Cytokines, most particularly TNF and type I IFN (IFN-αβ), have been long considered essential elements in the development of autoimmunity. Identification of TNF in the pathogenesis of rheumatoid arthritis and TNF antagonist therapy represent successes of immunology. IFN-αβ plays a major role in systemic lupus erythematosus (SLE), a prototype autoimmune disease characterized by a break of tolerance to nuclear components. Here, we show that TNF regulates IFN-α production in vitro at two levels. First, it inhibits the generation of plasmacytoid dendritic cells (pDCs), a major producer of IFN-αβ, from CD34+ hematopoietic progenitors. Second, it inhibits IFN-α release by immature pDCs exposed to influenza virus. Neutralization of endogenous TNF sustains IFN-α secretion by pDCs. These findings are clinically relevant, as five of five patients with systemic juvenile arthritis treated with TNF antagonists display overexpression of IFN-α-regulated genes in their blood leukocytes. These results, therefore, might provide a mechanistic explanation for the development of anti-dsDNA antibodies and lupus-like syndrome in patients undergoing anti-TNF therapy.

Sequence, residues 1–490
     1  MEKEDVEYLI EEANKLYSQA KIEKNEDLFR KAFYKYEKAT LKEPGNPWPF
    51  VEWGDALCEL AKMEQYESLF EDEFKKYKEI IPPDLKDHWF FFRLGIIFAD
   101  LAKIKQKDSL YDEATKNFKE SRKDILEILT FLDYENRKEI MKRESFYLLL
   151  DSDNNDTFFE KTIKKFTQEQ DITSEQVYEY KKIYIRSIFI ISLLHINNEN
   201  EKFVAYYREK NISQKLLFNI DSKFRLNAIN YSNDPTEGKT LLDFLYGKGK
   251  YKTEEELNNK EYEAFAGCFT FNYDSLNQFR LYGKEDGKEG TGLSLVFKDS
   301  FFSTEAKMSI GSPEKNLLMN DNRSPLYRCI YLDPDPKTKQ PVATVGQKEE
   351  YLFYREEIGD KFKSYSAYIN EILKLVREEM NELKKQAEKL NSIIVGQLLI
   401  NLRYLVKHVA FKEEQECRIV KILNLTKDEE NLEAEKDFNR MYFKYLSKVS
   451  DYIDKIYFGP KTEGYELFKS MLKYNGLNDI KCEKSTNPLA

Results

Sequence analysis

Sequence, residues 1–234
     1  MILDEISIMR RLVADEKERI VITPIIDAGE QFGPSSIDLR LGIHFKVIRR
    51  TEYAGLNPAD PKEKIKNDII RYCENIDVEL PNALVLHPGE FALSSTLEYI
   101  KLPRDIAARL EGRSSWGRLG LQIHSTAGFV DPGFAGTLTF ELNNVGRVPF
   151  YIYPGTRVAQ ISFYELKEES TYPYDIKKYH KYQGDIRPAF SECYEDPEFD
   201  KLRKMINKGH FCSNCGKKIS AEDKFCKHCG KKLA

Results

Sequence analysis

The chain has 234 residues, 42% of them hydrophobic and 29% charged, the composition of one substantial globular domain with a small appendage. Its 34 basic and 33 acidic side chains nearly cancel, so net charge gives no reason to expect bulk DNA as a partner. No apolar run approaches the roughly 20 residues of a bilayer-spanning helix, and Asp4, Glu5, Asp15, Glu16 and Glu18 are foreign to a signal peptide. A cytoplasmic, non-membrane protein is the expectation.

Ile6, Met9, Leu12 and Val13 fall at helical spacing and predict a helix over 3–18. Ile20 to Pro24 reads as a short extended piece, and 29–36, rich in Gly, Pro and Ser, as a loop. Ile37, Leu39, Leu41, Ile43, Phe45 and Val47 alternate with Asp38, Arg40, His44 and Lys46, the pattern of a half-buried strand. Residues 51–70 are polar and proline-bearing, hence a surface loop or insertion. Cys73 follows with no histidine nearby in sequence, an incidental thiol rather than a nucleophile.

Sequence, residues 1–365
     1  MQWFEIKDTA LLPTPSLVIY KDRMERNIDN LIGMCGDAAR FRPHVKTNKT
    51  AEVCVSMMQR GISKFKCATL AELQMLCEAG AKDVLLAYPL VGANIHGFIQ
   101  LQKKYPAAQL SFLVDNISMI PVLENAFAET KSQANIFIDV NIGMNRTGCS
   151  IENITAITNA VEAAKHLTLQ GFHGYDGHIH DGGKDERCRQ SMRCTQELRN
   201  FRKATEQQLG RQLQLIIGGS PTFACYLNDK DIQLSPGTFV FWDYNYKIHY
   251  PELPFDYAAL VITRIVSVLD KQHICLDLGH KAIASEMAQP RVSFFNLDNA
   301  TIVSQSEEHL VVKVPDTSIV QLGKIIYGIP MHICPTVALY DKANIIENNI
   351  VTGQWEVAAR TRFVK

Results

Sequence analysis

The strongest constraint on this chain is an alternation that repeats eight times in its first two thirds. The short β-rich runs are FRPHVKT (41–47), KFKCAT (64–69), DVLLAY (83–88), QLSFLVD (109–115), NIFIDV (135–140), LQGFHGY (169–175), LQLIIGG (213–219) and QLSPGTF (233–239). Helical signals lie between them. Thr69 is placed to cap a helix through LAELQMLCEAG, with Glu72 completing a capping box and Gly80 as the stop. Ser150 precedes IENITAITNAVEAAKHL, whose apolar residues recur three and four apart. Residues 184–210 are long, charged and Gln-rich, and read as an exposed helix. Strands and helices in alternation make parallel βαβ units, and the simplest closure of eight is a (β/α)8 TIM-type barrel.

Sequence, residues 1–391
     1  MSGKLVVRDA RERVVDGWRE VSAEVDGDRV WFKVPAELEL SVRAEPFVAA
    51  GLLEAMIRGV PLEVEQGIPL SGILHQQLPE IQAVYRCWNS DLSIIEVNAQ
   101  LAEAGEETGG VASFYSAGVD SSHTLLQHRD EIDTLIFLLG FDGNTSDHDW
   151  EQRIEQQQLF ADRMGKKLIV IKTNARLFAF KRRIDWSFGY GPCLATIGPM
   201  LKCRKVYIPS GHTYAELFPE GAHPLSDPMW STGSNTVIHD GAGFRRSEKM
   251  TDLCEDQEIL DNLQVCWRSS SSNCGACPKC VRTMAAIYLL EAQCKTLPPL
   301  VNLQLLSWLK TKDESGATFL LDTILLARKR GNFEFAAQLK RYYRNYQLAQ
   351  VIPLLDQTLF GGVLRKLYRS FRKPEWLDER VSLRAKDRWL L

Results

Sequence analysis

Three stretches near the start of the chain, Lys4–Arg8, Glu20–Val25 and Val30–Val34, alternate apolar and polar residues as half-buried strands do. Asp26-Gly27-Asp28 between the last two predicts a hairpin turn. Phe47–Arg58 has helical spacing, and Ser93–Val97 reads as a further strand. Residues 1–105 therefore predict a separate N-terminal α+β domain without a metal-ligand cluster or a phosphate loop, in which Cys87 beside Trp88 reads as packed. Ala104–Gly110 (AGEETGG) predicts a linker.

|Number of pages
|Proceedings of the National Academy of Sciences of the United States of America
|Published - Mar 1 2005
- Dendritic cells
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